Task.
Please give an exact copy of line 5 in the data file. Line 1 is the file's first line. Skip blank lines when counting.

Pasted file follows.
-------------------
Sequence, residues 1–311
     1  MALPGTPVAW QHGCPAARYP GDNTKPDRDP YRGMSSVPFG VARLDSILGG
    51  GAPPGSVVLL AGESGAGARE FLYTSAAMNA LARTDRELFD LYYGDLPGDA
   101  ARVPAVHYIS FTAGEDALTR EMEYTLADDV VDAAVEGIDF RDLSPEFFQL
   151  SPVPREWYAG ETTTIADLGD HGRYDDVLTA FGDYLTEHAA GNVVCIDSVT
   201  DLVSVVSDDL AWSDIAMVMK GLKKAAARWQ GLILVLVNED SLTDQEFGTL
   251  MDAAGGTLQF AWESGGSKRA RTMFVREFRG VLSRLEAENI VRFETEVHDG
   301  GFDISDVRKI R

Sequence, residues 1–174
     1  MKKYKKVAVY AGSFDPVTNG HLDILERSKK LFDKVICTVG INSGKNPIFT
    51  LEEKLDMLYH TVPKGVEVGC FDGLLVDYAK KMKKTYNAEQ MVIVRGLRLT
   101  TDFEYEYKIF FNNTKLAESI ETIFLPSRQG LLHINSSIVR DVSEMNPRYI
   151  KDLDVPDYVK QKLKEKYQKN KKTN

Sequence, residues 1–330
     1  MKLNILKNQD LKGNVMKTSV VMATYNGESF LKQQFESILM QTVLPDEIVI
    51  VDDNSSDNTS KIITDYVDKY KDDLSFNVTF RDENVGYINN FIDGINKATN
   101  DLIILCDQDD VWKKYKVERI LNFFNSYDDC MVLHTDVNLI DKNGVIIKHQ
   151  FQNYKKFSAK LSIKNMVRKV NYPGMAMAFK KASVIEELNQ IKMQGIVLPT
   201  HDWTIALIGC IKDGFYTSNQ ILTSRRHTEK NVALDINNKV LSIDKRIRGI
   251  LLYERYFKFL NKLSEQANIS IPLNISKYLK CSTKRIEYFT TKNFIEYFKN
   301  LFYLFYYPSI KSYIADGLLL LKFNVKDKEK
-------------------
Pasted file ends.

   151  SPVPREWYAG ETTTIADLGD HGRYDDVLTA FGDYLTEHAA GNVVCIDSVT